I’ve visited a couple of places where guests are told they can take a small handful of earth from nearby, or a single stone from an adjacent area. If you’re told it’s okay, then feel free to do so.

Reader Brad K says, "There is an old Catholic Church in Chimayo, New Mexico where so many people take a bit of dirt that the Priests bring in a couple of wheelbarrows of new soil every evening after the tourists leave. An old Spanish tradition is to walk to the church on Easter and take some sacred dirt before you leave. A bit of dirt for a $10 donation is a pretty good business."

Also, an even better option? Take photos. Take lots of them, from different angles, at different times of day if possible.

4. Don’t Leave a Mess

It’s hard to believe in this day and age that we actually have to remind other adults to clean up after themselves, but it’s true.

People visit locations the world over and leave acres of detritus behind them. Don’t throw your garbage on the ground. This includes pet waste – if you’re lucky enough to be able to take your dog with you when you visit a sacred site, for the love of all that is holy, don’t leave his droppings behind.

What you can do instead: Try not to take much in with you in the first place, but garbage you do generate – snack wrappers, cigarette butts, water bottles – should come right back out with you. Pack a trash bag – and an extra one if you’ve got your pooch with you. Keep in mind that some sacred sites do allow visitors to leave specific types of offerings behind - if that's the official guideline, go for it.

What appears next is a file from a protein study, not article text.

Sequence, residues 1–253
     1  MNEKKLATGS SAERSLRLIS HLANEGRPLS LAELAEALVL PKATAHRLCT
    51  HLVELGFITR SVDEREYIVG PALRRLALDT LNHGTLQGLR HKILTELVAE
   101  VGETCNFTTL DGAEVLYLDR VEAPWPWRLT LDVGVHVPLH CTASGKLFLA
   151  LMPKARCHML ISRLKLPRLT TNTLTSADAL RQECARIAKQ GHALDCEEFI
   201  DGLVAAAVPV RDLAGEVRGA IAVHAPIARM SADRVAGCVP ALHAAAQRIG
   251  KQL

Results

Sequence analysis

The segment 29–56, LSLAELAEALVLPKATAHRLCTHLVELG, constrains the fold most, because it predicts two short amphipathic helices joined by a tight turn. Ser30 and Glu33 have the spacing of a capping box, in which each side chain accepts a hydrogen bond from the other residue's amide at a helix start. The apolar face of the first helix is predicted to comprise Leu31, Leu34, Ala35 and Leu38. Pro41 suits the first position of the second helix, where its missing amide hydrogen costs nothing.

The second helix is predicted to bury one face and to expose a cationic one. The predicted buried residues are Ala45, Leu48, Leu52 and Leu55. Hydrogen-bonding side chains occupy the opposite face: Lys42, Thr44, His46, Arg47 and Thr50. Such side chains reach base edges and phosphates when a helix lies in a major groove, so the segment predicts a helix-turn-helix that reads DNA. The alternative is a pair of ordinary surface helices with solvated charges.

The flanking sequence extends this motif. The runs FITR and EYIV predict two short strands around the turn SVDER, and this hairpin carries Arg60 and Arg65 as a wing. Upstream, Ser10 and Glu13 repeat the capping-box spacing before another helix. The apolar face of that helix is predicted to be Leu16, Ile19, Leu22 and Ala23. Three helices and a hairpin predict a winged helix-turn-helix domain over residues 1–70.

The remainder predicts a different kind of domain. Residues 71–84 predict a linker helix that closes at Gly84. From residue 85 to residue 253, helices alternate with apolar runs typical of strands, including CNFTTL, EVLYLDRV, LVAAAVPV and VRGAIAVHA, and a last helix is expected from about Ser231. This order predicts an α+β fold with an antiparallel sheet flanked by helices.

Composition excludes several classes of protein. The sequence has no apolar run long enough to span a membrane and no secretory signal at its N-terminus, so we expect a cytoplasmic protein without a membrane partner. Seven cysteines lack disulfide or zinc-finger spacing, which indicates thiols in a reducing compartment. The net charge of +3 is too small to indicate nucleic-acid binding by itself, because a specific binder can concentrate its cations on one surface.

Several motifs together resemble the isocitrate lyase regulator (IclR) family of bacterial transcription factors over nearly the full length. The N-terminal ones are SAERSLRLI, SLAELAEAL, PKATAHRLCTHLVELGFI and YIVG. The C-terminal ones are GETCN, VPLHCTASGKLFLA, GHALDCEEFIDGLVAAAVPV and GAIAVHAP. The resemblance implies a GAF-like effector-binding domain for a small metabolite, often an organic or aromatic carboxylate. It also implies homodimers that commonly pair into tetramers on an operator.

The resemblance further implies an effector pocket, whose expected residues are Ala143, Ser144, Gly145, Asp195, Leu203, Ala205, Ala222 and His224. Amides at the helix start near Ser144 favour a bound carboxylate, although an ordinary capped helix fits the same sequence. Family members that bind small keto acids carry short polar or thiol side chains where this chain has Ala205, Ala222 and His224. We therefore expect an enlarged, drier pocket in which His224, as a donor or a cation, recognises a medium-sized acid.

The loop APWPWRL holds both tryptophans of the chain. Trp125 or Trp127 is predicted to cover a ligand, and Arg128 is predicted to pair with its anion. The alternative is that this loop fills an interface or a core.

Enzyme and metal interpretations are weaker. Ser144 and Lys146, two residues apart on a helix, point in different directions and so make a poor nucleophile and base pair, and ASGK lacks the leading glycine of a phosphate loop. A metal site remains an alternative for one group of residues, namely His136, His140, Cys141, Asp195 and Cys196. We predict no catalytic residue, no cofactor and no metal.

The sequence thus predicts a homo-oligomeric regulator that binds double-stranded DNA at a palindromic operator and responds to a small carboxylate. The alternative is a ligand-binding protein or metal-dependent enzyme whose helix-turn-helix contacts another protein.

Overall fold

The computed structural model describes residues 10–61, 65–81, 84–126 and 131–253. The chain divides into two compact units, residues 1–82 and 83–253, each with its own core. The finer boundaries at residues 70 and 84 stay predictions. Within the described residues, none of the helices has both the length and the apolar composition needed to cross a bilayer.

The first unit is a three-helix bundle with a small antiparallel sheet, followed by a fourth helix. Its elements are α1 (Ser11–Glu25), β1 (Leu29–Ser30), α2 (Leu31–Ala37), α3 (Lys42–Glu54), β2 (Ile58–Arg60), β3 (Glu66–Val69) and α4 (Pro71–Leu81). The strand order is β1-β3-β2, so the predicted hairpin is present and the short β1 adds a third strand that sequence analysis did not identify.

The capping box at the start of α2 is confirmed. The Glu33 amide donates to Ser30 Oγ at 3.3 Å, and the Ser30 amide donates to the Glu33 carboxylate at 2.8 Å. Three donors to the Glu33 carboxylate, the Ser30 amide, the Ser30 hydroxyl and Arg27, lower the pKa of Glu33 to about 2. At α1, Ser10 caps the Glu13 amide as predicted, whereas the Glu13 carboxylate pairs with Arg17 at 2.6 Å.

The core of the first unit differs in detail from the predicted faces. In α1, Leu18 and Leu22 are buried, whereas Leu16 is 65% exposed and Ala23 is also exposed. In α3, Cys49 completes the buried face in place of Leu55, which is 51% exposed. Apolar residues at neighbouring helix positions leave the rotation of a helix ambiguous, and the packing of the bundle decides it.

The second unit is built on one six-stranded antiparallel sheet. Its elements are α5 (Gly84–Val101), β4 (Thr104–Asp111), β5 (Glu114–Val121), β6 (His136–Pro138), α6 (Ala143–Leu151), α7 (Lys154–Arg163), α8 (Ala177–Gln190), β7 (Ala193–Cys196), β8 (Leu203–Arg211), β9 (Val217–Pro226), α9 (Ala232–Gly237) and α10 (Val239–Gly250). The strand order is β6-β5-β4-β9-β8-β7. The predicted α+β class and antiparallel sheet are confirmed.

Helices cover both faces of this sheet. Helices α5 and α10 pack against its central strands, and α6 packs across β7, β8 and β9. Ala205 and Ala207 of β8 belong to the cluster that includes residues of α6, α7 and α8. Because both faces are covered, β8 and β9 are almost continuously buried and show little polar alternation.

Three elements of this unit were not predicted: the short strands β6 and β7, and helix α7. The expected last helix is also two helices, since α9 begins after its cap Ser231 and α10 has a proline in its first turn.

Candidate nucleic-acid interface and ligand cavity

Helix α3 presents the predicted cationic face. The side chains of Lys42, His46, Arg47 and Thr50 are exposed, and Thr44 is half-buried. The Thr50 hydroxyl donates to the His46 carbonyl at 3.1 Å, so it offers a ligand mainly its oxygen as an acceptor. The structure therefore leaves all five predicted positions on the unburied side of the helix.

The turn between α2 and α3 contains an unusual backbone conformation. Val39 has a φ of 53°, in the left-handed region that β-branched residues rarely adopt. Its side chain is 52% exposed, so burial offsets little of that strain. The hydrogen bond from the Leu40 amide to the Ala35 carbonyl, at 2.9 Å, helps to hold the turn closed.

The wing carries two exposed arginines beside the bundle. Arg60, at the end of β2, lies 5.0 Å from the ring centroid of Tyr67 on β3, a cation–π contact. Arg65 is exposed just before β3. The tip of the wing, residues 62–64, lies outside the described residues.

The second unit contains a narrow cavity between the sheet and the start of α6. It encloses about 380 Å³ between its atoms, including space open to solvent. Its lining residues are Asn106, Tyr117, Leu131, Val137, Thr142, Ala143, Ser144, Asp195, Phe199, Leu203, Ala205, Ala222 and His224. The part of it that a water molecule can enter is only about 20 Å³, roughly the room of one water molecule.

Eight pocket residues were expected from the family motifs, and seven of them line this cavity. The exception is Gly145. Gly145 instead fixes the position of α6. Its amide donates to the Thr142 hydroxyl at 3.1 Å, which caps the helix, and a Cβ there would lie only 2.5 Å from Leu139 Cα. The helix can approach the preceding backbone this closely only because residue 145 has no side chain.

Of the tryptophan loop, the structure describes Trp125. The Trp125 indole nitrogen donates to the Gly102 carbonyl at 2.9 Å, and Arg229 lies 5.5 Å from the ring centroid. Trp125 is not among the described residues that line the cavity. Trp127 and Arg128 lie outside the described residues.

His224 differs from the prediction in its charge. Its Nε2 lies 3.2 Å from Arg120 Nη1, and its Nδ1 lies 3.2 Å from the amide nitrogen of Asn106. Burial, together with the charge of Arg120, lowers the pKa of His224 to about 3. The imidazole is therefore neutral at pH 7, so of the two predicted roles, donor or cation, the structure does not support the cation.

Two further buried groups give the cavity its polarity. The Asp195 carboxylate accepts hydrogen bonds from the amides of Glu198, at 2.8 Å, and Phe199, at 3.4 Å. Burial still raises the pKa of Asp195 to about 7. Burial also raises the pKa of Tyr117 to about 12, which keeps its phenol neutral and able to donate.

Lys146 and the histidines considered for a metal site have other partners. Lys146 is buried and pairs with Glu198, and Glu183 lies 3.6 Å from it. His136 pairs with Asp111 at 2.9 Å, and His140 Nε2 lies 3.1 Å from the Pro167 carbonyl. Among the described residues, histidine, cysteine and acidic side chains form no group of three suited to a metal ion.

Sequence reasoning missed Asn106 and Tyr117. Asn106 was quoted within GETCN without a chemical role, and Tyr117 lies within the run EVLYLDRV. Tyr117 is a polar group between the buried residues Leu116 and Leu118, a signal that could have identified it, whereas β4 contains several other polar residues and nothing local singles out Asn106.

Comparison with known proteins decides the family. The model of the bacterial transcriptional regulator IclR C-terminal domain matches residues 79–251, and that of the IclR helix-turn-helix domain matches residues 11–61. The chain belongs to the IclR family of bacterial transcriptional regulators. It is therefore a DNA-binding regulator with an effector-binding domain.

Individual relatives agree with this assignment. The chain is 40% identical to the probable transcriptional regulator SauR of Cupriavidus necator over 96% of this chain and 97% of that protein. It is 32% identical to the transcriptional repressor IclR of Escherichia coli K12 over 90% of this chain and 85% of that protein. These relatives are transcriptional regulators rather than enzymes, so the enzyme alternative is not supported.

5. Don’t Be Unappreciative of the Staff

In different parts of the world, sacred sites fall under the management of a variety of different entities. In the US, many are part of our National Parks system. In the UK, some of these locations fall under the National Trust, and in other countries, there are a number of local and national bodies that maintain these sites. Sometimes, a site may be on private property, managed by the people who own the land. Regardless of where you’re located, a sacred site probably has someone who is staffing it – this may be a single park ranger, or an entire fleet of volunteers. These people are there to do a job, so if they ask you to do something – or not do it – please be respectful.

What you can do instead: Chances are pretty good that the people staffing a sacred site have a lot of great information to share.

Why not engage? Ask questions, and see what you can learn that you didn’t know before. It’ll be a rewarding experience that can help to give you a brand new perspective.

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Wigington, Patti. "5 Things Not to Do at Sacred Sites." ThoughtCo, Jun. 2, 2016, thoughtco.com/things-not-to-do-at-sacred-sites-2562639. Wigington, Patti. (2016, June 2). 5 Things Not to Do at Sacred Sites. Retrieved from https://www.thoughtco.com/things-not-to-do-at-sacred-sites-2562639 Wigington, Patti. "5 Things Not to Do at Sacred Sites." ThoughtCo. https://www.thoughtco.com/things-not-to-do-at-sacred-sites-2562639 (accessed November 18, 2017).